QROPS, otherwise known as Qualifying Recognised Overseas Pension Schemes, have been around since 2006. As the name suggests, they are an overseas pension scheme that has been set up in such a way that it is deemed as “qualifying” by HMRC.
They are usually based in tax beneficial regions such as Gibraltar, Malta, Cyprus and other countries with a less aggressive approach to tax to attract investment.
The scheme rules, the security of the funds, investment options and cost of administration are all virtually the same as in the UK. Funds are held in designated client accounts that are protected against the country the scheme is registered in and can be invested here in the UK once set up.
Should you decide to transfer your pension to a QROPS the value of the pension would be tested against the pension lifetime allowance at the point of transfer. If the pension value is below the pension lifetime allowance no charge would be due.
If your pension does exceed the lifetime allowance a one-off charge of 25% of the excess would be due when the transfer is made. Once the balance of the funds has been received by the QROPS no other pension lifetime allowance rules apply.
Tax-Free Lump Sum
Under pension freedoms in the UK, you are entitled to take 25% of your pension fund as tax-free cash when you retire. This is limited to 25% of the prevailing or protected lifetime allowance.
Tax-free cash is still available using a QROPS at 25%, and at 30% in some jurisdictions. However, this is based on the full value of the fund, not limited by the prevailing lifetime allowance.
For higher value pensions this can be advantageous, due to the increase in tax-free cash that would be available.
Income from a QROPS
As a UK resident, the income will be taxed in the same way as any other UK pension scheme. You still have the full use of your personal allowance, and basic and higher rates of tax remain the same.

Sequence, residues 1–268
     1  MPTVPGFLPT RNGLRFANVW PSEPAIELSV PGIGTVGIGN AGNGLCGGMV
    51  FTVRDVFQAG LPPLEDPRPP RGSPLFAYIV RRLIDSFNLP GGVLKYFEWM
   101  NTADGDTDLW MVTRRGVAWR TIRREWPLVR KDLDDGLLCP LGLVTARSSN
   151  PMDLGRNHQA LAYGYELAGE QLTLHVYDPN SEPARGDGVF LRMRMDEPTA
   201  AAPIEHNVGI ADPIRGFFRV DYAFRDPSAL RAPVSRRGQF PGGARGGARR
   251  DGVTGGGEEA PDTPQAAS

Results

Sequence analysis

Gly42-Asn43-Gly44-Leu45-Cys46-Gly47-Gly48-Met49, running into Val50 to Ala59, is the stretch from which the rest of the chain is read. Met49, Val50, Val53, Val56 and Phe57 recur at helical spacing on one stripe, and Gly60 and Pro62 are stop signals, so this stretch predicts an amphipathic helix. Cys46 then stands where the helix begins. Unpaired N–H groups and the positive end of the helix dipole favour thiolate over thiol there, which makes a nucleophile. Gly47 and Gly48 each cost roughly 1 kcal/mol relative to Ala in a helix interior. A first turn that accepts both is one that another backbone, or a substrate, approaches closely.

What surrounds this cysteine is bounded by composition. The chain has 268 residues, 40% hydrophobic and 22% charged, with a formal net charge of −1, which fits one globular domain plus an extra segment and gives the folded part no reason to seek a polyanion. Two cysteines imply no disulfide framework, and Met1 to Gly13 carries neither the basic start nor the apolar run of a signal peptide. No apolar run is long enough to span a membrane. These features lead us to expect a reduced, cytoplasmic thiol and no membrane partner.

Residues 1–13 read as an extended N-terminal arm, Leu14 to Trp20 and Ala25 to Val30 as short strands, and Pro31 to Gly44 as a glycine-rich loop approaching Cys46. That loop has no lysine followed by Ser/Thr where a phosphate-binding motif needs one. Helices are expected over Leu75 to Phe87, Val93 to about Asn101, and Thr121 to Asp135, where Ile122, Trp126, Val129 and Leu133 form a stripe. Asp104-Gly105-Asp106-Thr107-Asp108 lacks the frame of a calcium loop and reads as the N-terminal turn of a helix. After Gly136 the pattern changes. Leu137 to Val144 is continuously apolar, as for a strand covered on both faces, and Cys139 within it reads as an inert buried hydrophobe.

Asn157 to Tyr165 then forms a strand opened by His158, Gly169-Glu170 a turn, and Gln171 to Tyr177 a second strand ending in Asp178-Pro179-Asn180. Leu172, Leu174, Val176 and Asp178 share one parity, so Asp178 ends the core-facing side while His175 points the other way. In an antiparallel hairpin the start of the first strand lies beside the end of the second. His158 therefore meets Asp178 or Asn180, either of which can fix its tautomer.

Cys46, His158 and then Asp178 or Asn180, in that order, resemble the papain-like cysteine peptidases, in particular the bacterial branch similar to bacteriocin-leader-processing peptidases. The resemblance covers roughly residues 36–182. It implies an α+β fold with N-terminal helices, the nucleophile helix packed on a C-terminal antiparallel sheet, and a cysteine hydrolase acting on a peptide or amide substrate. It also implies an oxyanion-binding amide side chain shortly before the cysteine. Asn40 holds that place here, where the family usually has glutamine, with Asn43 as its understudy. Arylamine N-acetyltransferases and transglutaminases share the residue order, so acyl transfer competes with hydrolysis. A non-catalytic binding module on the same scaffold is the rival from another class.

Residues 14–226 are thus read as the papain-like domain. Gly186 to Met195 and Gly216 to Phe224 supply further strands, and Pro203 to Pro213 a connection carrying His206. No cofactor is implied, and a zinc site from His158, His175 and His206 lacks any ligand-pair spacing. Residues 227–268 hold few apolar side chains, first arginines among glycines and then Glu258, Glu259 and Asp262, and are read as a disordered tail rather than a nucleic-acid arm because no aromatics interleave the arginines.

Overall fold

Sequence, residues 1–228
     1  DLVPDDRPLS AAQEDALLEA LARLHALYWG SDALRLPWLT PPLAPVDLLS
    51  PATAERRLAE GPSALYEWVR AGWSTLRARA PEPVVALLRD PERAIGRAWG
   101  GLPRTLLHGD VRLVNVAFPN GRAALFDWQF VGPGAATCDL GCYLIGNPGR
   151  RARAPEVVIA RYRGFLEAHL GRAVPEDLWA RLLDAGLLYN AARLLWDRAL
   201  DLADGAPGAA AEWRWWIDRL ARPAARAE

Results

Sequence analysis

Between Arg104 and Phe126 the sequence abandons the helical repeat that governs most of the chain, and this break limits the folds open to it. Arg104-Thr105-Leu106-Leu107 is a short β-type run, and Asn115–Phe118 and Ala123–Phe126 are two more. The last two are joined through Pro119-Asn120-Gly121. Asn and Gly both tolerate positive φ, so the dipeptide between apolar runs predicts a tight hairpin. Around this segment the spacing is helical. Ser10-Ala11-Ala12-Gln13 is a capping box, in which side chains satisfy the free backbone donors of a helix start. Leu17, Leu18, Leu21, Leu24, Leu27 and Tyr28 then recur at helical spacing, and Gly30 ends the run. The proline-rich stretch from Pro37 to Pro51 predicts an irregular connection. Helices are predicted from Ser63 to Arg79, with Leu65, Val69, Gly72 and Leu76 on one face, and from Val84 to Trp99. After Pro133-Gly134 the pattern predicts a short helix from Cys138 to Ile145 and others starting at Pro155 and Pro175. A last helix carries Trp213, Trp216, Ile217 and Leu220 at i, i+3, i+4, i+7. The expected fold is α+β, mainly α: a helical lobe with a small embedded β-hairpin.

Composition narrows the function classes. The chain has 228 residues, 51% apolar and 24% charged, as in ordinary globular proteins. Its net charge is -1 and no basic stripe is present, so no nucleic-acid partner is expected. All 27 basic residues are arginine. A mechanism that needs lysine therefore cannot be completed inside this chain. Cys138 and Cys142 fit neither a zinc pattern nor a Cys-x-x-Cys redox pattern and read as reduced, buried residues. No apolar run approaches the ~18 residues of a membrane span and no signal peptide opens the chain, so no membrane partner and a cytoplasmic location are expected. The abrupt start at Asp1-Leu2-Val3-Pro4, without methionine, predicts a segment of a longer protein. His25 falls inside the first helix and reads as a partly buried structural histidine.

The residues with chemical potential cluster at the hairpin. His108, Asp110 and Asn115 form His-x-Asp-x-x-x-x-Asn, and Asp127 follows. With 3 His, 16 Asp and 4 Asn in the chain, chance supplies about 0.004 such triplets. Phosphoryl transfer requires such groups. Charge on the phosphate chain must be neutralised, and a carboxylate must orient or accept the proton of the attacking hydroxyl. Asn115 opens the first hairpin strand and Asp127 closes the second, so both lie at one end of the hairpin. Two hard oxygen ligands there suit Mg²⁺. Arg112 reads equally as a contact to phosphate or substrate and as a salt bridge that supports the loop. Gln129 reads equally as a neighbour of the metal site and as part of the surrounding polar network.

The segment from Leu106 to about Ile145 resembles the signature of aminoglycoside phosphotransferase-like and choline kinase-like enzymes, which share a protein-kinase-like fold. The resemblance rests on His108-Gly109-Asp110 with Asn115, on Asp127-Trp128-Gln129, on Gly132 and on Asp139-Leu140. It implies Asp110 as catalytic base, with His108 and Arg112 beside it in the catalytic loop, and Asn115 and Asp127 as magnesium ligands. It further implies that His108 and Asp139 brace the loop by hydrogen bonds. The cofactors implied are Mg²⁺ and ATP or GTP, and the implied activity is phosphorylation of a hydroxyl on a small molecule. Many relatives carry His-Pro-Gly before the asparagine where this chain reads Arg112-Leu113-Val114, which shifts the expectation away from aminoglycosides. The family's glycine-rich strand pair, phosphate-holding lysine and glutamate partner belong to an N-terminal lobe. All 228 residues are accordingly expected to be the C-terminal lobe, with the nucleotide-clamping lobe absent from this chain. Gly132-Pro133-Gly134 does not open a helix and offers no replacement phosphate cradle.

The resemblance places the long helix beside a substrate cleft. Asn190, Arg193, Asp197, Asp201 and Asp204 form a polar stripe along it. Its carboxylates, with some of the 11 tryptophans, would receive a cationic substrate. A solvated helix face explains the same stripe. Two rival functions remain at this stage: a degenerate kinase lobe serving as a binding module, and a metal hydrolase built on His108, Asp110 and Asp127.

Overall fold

Should you live abroad, the tax will be paid subject to the rules in the country of which you are tax resident.
Inheritance tax & QROPS
Under pension freedoms, the rules are similar, however, somewhat more advantageous through a QROPS.
If death should occur:
Pre-age 75 – Under UK rules the value of the regular pension pot can be paid out tax-free to the beneficiaries. This is limited to the prevailing or protected lifetime allowance. Any excess will still be charged as lifetime allowance at either 25% or 55%, and paid by your estate.
With a QROPS this is not the case. The entire value of the pension can be paid tax-free.
Post age 75 – Under UK law the pension fund is inheritance tax-free. However, income tax is paid on any withdrawal from the pension.
QROPS is very similar, with the beneficiaries paying income tax on any withdrawals. However, there may also be the option of some tax-free cash. The original value of the transfer to the QROPS, plus any tax-free cash and income taken are deducted from the gross value of the fund at the time death occurs. Any excess can be paid as tax-free cash to the beneficiaries.
Can you use a QROPS if you are a UK resident?
The common understanding is that UK residents cannot use the schemes. However, after recently conducting our own due diligence we concluded that there is nothing in the legislation that excludes UK residents from using one.
This was recently confirmed by the independent government body, the Pensions Advisory Service who also confirmed that QROPS can be used by UK residents.
For more information on QROPS and some efficient ways to use them in your pension planning feel free to contact a member of our team.
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